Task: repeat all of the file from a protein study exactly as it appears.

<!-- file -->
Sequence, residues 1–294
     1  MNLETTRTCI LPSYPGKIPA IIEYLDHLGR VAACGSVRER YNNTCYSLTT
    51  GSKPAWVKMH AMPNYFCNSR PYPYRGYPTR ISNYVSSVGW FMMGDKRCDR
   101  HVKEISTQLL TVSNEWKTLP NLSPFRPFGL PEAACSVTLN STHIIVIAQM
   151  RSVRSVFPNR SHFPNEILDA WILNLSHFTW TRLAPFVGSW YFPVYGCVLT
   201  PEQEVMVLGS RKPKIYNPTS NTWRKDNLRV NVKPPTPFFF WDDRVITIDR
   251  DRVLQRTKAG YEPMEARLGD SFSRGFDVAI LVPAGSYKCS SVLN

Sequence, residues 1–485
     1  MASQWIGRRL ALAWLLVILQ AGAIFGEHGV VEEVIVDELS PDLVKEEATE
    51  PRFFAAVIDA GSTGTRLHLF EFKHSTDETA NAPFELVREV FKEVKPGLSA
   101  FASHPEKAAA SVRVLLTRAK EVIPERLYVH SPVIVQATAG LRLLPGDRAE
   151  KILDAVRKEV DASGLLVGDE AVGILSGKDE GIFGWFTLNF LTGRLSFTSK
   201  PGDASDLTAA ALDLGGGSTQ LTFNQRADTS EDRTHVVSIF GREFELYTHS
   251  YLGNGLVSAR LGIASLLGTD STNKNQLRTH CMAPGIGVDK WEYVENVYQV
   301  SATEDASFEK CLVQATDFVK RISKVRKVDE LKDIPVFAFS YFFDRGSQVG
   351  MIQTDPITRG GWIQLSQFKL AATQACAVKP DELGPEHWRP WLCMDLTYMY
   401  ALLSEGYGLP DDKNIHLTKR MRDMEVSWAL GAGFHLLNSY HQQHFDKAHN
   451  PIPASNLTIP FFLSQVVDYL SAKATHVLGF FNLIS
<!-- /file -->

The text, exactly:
Sequence, residues 1–294
     1  MNLETTRTCI LPSYPGKIPA IIEYLDHLGR VAACGSVRER YNNTCYSLTT
    51  GSKPAWVKMH AMPNYFCNSR PYPYRGYPTR ISNYVSSVGW FMMGDKRCDR
   101  HVKEISTQLL TVSNEWKTLP NLSPFRPFGL PEAACSVTLN STHIIVIAQM
   151  RSVRSVFPNR SHFPNEILDA WILNLSHFTW TRLAPFVGSW YFPVYGCVLT
   201  PEQEVMVLGS RKPKIYNPTS NTWRKDNLRV NVKPPTPFFF WDDRVITIDR
   251  DRVLQRTKAG YEPMEARLGD SFSRGFDVAI LVPAGSYKCS SVLN

Sequence, residues 1–485
     1  MASQWIGRRL ALAWLLVILQ AGAIFGEHGV VEEVIVDELS PDLVKEEATE
    51  PRFFAAVIDA GSTGTRLHLF EFKHSTDETA NAPFELVREV FKEVKPGLSA
   101  FASHPEKAAA SVRVLLTRAK EVIPERLYVH SPVIVQATAG LRLLPGDRAE
   151  KILDAVRKEV DASGLLVGDE AVGILSGKDE GIFGWFTLNF LTGRLSFTSK
   201  PGDASDLTAA ALDLGGGSTQ LTFNQRADTS EDRTHVVSIF GREFELYTHS
   251  YLGNGLVSAR LGIASLLGTD STNKNQLRTH CMAPGIGVDK WEYVENVYQV
   301  SATEDASFEK CLVQATDFVK RISKVRKVDE LKDIPVFAFS YFFDRGSQVG
   351  MIQTDPITRG GWIQLSQFKL AATQACAVKP DELGPEHWRP WLCMDLTYMY
   401  ALLSEGYGLP DDKNIHLTKR MRDMEVSWAL GAGFHLLNSY HQQHFDKAHN
   451  PIPASNLTIP FFLSQVVDYL SAKATHVLGF FNLIS